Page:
Compulsory Service Recruitment

The following article is from The Great Soviet Encyclopedia (1979). It might be outdated or ideologically biased.

Compulsory Service Recruitment


(rekrutskaia povinnost*), the system of recruitment for the regular Russian Army of the 18th and 19th centuries.

The transition to the compulsory service recruitment system began with changes in the composition and mode of selection of datochnye liudi (conscripts for life) introduced by a ukase in 1699. The new system was finally established by the Ukase of 1705. All the tax-paying estates were subject to the system, which involved conscription of recruits (rekruty) by the community for lifelong military service. Serfs conscripted into the army by the system were emancipated. The dvorianstvo (nobility and gentry) was exempt from it and served in the army under other arrangements. At a later date, the merchants, families of church officials, honored citizens, and the inhabitants of Bessarabia and remote Siberian areas were also exempted from the recruitment system.

In 1858, 23.5 million of the 29.5 million males in Russia were subject to compulsory service recruitment. Originally, recruits were conscripted for life. From 1793 they served for 25 years, and from 1834 they served for 20 years and were then placed on “indefinite leave” for five years. From 1855 to 1872 the length of service was again reduced, first to 12, then to ten, and finally to seven years, and the period of indefinite leave was correspondingly lengthened to three, five, and eight years. Prior to 1708, recruits ranged in age from 17 to 32 years; from 1708 to 1726, they were from 20 to 30 years old; and from 1726 to 1766, they were “of all ages.” From 1766 to 1831, recruits ranged from 17 to 30 years old; from 1831 to 1855, 20 to 35 years old; and from 1855 to 1874, up to 30 years of age.

Prior to 1724, the conscription rate was one recruit per 20 households. From 1724 it was based on a census of individuals rather than households. Conscription was carried out according to need, and the number of conscripts varied. Annual conscription was introduced in 1831. Distinction was made between regular conscription of five to seven recruits per 1,000, intensified conscription of seven to ten per 1,000, and extraordinary conscription of more than ten per 1,000. During the Crimean War of 1853–56, the rate of conscription reached 50-70 per 1,000, not counting the volunteer corps. There was no conscription from 1856 to 1862. From 1863 to 1874 the conscription rate was four to six per 1,000, which produced 140,000-150,000 recruits annually.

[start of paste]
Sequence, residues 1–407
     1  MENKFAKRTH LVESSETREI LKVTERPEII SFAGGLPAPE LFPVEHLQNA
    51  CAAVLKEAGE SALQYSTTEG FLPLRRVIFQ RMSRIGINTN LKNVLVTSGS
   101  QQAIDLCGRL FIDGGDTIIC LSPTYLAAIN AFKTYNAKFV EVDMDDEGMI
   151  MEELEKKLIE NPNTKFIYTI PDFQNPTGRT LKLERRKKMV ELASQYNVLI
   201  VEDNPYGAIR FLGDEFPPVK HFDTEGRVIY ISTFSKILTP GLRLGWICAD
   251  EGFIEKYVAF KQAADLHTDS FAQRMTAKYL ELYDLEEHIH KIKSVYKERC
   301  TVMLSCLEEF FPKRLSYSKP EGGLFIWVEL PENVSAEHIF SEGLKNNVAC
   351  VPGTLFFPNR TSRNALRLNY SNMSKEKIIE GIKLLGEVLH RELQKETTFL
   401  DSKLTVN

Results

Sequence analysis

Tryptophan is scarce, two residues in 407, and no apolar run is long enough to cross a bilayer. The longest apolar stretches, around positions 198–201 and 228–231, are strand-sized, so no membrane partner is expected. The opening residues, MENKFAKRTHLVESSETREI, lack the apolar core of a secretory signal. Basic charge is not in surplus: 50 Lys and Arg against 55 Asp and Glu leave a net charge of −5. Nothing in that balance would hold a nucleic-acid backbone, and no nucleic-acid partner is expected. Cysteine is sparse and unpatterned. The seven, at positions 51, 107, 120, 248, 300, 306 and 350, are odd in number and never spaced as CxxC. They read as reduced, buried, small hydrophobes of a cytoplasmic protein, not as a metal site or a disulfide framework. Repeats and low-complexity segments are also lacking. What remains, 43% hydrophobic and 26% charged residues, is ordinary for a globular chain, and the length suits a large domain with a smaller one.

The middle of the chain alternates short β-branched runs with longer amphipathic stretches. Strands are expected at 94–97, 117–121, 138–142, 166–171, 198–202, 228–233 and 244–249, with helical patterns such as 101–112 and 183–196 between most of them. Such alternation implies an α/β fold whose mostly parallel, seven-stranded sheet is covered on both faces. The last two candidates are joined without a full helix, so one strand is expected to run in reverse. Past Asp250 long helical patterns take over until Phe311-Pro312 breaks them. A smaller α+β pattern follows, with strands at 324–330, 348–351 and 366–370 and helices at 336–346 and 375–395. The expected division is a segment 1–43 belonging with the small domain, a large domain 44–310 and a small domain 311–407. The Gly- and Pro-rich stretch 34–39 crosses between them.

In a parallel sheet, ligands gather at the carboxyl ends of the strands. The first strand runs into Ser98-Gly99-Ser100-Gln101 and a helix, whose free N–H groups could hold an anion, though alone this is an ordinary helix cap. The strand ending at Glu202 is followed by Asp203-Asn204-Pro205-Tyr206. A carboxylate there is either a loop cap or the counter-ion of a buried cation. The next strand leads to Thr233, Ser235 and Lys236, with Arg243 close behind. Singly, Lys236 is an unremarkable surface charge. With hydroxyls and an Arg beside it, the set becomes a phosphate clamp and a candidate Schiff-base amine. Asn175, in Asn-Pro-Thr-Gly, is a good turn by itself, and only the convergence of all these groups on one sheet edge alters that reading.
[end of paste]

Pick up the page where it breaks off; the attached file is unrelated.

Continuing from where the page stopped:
The selection of recruits was carried out by the urban or rural community, but in the case of pomest’e (estate) peasants the selection was completely under the control of the pomeshchik (landlord). In the other tax-paying estates, the selection of recruits was governed by the Recruitment Regulations of 1810 and was based on a complex and detailed calculation of the labor force in each family.

The compulsory service recruitment system was an exceedingly heavy burden for the peasant households, which led to the practice of hiring volunteers paid by the community and by individuals. In the 1840’s the government took into its own hands the hiring of volunteers: for each volunteer hired, a receipt for payment of 485 rubles was issued, the purchase of which exempted one individual from the recruitment system. In 1874 compulsory service recruitment was replaced by the compulsory military service system (voinskaia povinnost’).

The Great Soviet Encyclopedia, 3rd Edition (1970-1979). © 2010 The Gale Group, Inc. All rights reserved.